I start with BoreTec carbon solvent until the patches are free of black, Then the real work starts, getting the copper out. I run patches with BoreTec copper solvent then run the nylon brush through several times. I wait 10 to 15 mins the run patches with the copper solvent through the bore. It used to take several days until I read a post about using brass jigs giving false positives for copper (blue patches). I got a set of Tipton SS jags and my cleaning time went way down. My bore scope shows virtually no copper. I do shoot a lot of rounds, typically 1 to 150 per range session. As for the question of using a drill to “ream” the bore, not for me. I do use a drill to clean the blast marks on my revolver cylinder faces. I use a paste cleaner designed for this job and it does help a lot, I tried doing by hand and failed miserably.
I listened to a former Spec Ops sniper say he never cleaned the copper completely from his rifles. He spoke about copper equilibrium. Sounded interesting, but I can’t really comment further. Guess my military experience won’t allow a “dirty” rifle. Still remember getting my rear chewed out in basic by my DI.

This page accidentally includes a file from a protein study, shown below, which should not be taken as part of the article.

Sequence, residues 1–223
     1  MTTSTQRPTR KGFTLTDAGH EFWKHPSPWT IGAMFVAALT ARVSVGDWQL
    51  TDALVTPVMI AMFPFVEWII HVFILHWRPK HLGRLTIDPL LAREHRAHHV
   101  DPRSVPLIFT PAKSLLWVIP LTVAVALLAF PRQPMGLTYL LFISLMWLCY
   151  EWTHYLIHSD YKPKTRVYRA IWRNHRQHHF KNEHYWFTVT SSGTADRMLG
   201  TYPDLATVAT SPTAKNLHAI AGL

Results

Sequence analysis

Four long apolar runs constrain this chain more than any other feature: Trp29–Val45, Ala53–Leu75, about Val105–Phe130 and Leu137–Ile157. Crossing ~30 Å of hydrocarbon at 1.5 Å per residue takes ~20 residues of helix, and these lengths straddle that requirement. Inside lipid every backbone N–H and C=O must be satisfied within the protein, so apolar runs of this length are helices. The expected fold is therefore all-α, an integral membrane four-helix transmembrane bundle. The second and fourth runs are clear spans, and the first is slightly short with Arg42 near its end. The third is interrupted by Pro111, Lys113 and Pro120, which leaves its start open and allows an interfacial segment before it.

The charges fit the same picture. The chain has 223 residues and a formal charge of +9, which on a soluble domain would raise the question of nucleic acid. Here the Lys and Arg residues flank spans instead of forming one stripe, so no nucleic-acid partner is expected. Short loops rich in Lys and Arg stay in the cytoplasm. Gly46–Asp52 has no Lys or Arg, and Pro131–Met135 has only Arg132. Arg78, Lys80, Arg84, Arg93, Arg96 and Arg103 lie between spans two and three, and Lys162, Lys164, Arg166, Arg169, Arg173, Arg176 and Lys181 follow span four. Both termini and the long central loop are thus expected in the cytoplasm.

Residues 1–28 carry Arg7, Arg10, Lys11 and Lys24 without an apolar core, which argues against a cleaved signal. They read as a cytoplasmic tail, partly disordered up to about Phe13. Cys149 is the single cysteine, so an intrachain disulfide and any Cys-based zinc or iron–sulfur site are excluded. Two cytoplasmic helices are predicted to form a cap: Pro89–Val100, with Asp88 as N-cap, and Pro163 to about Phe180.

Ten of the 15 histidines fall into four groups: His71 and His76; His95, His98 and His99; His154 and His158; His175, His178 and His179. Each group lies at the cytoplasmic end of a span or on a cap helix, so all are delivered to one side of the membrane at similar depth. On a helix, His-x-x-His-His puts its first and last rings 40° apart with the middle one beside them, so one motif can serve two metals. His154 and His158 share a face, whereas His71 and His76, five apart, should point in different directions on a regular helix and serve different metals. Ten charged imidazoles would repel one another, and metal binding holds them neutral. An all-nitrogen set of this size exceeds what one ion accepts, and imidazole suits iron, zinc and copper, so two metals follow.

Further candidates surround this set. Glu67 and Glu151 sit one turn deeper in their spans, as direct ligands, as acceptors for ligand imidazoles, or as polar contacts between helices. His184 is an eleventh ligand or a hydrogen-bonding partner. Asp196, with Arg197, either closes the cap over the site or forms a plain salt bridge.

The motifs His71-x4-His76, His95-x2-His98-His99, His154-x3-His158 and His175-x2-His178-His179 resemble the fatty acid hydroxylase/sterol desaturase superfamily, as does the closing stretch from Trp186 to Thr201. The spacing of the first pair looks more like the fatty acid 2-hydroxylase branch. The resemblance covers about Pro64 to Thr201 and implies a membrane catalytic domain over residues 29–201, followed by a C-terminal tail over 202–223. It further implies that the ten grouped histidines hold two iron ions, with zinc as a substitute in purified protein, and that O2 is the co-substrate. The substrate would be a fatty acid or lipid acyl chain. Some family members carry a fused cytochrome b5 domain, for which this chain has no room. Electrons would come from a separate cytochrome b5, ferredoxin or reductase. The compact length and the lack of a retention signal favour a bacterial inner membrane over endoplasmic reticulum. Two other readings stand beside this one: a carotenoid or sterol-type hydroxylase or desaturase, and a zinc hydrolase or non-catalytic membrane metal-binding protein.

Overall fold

Butches has a strong odor. Just be aware of that if doing the cleaning on the kitchen table. Taping a empty liter soda bottle to the muzzle of the barrel will catch the used patches and help some.
Thanks! Great post!I was cruising around looking for articles on cleaning barrels and ran across this by Dave Affleck (sp?) who goes by DAA on a lot of forums. Might be on here. Can't remember.....
He produced a bunch of GREAT varmint and coyote hunting videos several years ago. I think I have all of them and they're some of the best I've ever seen.
He's also written a lot about varmint rifles and I've always learned a lot from his articles.
Here's one on barrel cleaning that will likely make a LOT of use sit up and take notice.
Sooooooo..... Is your barrel really clean? LOL